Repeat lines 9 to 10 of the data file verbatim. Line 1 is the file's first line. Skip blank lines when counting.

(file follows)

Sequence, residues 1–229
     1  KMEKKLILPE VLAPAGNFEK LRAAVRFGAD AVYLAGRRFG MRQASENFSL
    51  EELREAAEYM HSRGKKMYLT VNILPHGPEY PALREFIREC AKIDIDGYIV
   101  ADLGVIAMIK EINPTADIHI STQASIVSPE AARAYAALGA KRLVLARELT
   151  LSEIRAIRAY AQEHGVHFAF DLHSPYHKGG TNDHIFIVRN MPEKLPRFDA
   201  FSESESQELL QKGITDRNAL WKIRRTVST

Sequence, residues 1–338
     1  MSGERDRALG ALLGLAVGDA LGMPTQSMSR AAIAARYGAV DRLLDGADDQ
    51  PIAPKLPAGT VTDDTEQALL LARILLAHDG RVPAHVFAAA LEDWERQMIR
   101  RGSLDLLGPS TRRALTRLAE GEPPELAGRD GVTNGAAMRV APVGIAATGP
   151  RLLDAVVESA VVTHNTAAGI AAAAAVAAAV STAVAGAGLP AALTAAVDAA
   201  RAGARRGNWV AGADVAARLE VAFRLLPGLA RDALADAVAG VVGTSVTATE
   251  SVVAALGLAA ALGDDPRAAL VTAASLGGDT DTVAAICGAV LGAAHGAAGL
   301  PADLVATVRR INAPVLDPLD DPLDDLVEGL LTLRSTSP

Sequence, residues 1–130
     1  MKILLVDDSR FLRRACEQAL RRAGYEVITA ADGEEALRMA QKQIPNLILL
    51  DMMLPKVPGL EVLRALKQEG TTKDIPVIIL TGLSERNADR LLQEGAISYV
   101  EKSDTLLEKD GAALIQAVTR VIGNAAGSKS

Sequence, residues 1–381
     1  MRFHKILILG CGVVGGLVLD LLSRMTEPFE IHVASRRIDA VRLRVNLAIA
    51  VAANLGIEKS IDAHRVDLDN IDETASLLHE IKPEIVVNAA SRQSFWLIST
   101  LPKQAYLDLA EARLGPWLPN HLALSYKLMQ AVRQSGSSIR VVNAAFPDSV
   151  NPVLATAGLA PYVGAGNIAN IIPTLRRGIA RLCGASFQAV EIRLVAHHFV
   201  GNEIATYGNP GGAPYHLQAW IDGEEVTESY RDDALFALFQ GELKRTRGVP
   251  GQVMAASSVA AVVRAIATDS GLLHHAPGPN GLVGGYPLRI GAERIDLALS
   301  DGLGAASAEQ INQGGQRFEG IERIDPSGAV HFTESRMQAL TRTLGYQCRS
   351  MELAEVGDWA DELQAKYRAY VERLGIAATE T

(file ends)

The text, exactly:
    51  PIAPKLPAGT VTDDTEQALL LARILLAHDG RVPAHVFAAA LEDWERQMIR
   101  RGSLDLLGPS TRRALTRLAE GEPPELAGRD GVTNGAAMRV APVGIAATGP